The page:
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Probation Condition Restricting Pets at Residence Held Overbroad

The California Court of Appeal, District 4, held that a probation condition requiring informing a probation officer of any pets in the probationer?s residence was invalid because it was overbroad.

Reyes Quintero pled guilty to methamphetamine possession and was sentenced to probation. One of the terms of probation was that Quintero ?keep the probation officer informed of the place of residence, cohabitants and pets, and give notice ... twenty-four (24) hours prior to any changes.? Trial counsel objected to the condition as to pets, but the court overruled.

On appeal on the pet notification restriction, the court noted that Quintero?s crime did not involve pets and that there was thus no nexus between the restriction and Quintero?s criminal conviction. The state argued that the probation officer was entitled to know what dangerous pets Quintero might be harboring before attempting a probation search.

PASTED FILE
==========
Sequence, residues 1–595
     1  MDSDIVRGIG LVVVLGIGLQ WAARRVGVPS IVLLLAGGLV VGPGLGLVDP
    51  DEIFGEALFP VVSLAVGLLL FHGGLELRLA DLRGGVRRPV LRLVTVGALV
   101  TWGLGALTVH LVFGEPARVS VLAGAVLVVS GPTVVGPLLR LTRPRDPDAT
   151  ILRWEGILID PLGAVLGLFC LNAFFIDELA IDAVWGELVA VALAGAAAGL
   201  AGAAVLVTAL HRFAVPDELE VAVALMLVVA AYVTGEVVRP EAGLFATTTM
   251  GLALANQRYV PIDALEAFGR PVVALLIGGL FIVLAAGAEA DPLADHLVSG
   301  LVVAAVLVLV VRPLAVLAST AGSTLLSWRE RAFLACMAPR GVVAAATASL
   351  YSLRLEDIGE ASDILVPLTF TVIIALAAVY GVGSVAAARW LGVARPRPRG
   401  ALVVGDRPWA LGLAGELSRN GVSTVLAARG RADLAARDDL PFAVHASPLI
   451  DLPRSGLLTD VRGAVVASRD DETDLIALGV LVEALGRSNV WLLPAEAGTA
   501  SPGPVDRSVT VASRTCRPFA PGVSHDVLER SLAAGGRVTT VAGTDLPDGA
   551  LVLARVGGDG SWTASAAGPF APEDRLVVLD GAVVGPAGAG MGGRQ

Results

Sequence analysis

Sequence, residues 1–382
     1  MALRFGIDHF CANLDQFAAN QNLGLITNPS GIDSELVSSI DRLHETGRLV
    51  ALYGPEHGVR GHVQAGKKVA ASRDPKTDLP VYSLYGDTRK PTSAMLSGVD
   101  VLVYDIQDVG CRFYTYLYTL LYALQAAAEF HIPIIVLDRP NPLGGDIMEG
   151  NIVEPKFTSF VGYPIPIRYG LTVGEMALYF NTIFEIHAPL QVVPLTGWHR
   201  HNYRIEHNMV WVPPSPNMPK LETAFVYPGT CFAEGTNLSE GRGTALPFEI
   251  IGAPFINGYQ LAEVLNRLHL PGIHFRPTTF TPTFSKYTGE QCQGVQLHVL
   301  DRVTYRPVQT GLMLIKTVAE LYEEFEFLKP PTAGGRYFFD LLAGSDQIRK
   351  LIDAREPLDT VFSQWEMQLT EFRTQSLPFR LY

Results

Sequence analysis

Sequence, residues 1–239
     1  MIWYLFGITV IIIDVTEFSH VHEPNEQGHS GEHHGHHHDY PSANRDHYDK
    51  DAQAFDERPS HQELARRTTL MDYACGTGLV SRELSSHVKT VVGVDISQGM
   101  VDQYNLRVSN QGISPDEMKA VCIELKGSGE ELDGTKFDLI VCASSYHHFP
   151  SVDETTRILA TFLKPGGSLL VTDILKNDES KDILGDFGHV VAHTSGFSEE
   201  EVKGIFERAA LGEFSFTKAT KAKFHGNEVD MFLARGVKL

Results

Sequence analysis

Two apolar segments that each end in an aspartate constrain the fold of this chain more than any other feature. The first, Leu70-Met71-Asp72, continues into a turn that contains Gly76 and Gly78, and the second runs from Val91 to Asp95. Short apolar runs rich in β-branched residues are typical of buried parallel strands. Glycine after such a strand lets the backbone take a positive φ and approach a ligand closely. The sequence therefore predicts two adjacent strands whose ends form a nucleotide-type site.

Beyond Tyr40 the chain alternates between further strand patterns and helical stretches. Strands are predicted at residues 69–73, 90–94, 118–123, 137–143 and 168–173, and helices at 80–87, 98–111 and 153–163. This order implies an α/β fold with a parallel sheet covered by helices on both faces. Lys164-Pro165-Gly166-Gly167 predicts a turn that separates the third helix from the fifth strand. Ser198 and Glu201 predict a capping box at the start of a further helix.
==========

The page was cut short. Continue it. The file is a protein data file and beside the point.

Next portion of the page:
The appellate court was unimpressed. The court relied upon People v. Lent, 15 Ca1.3d 481, 486 (1975) for the legal standard for invalid probation conditions: ?A condition of probation will not be held invalid unless it (1) has no relationship to the crime of which the offender was convicted, (2) relates to conduct which is not in itself criminal, and (3) requires or forbids conduct which is not related to future criminality.?

Applying this standard, the court easily found that there was no logical connection between Quintero?s (or a co-resident?s) possession of a pet which could lead to future criminality. Arguably, ?any pet? meant Quintero would have to notify his probation officer of the presence of a goldfish or a hamster. ?Stated another way, the pet probation condition here is not reasonably tailored to meet the objective for which it has been imposed.?

Accordingly, the trial court was ordered to strike the ?any pet? restriction. The order was without prejudice to entering a new restriction that pertained to animals dangerous to probation officers when conducting a home search. See: People v. Quintero, 49 Cal.Rptr.3d 315 (Cal.App. 4 Dist. 2006), ordered not to be published, Oct. 25, 2006.

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Related legal case

People v. Quintero